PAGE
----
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The separation of 3H-benzodiazepine binding sites in brain and of benzodiazepine pharmacological properties

The separation of 3H-benzodiazepine binding sites in brain and of benzodiazepine pharmacological properties

Pharmacology Biochemistry and Behavior 18(2): 311-318

In addition to anxiolytic and anticonvulsant properties, benzodiazepines (BDZ) produce sedation, ataxia, and muscular relaxation. In general, it was difficult to separate these properties within this chemical class during the search for clinically useful anxiolytics; and when BDZ's were used to characterize 3H-BDZ binding sites they indicated only a single homogenous class of receptors. A new chemical series was discovered, triazolopyridazines (TPZ, prototype CL 218,872), which showed anticonflict activity in rats and monkeys without sedation or ataxia and inhibited 3H-BDZ binding in brain membranes with kinetic characteristics suggesting the presence of multiple BDZ receptors. High affinity and low affinity sites for the TPZ were demonstrated, the former designated at Type 1 and the latter as Type 2. Anatomical and in vivo studies have supported different distributions of each receptor in brain. Lately, the physical separation of discrete proteins which bind 3H-BDZ has been reported. The multiple receptors and the variety of endogenous substances which have been proposed as modulators and ligands of the receptors might explain variability as well as selectivity in pharmacological properties in these drugs.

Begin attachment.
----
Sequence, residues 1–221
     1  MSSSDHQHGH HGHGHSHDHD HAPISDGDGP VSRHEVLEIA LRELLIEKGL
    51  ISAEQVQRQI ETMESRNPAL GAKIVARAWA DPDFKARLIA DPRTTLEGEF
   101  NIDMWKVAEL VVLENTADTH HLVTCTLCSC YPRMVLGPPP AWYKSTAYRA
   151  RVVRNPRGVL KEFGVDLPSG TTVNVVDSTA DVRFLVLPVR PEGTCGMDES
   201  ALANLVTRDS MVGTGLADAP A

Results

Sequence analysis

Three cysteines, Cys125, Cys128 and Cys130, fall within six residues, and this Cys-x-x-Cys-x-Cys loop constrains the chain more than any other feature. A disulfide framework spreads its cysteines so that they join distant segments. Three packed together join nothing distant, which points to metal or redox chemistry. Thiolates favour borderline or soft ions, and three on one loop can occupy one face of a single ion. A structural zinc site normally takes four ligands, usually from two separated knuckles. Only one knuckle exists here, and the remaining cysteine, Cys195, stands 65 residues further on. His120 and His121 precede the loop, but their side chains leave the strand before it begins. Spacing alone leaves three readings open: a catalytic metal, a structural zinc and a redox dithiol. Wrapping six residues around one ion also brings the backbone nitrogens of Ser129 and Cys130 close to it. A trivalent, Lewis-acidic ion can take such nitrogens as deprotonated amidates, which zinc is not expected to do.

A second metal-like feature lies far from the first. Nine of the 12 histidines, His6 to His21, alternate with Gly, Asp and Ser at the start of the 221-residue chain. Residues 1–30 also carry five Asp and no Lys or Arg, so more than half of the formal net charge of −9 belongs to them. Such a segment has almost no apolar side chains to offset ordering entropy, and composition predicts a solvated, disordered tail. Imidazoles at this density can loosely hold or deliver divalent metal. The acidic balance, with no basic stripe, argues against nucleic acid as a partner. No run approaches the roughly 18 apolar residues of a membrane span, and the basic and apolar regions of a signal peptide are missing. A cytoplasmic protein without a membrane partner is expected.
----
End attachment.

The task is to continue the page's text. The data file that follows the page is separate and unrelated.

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Accession: 044747851

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PMID: 6132409

DOI: 10.1016/0091-3057(83)90385-4

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